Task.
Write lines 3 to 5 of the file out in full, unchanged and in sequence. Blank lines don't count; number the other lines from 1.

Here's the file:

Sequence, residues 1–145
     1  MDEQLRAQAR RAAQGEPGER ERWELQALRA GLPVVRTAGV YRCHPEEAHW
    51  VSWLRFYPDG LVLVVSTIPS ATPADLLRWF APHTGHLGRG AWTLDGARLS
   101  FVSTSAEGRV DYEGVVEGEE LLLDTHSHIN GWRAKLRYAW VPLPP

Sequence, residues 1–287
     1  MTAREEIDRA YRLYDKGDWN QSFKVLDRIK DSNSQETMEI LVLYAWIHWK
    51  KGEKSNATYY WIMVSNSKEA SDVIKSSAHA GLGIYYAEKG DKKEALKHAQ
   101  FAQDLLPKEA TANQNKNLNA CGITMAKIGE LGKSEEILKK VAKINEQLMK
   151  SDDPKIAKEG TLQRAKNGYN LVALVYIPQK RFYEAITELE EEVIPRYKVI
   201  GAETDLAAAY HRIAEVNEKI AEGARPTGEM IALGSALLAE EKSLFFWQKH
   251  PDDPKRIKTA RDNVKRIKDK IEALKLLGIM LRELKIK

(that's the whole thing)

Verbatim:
    51  VSWLRFYPDG LVLVVSTIPS ATPADLLRWF APHTGHLGRG AWTLDGARLS
   101  FVSTSAEGRV DYEGVVEGEE LLLDTHSHIN GWRAKLRYAW VPLPP

Sequence, residues 1–287